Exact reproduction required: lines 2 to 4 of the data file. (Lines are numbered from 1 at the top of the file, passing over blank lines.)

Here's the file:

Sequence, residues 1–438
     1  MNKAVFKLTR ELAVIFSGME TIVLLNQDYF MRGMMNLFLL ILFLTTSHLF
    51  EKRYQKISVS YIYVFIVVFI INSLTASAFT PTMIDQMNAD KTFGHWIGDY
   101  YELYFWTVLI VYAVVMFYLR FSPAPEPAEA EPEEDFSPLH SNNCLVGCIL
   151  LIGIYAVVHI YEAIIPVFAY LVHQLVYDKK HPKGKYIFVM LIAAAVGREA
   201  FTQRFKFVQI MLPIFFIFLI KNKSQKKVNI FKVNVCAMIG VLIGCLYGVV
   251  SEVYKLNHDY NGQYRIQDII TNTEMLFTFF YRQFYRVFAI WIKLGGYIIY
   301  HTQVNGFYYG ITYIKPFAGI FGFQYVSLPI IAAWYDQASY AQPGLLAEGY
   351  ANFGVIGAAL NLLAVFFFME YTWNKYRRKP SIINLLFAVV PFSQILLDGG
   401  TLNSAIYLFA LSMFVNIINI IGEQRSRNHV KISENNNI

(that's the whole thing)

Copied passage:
     1  MNKAVFKLTR ELAVIFSGME TIVLLNQDYF MRGMMNLFLL ILFLTTSHLF
    51  EKRYQKISVS YIYVFIVVFI INSLTASAFT PTMIDQMNAD KTFGHWIGDY
   101  YELYFWTVLI VYAVVMFYLR FSPAPEPAEA EPEEDFSPLH SNNCLVGCIL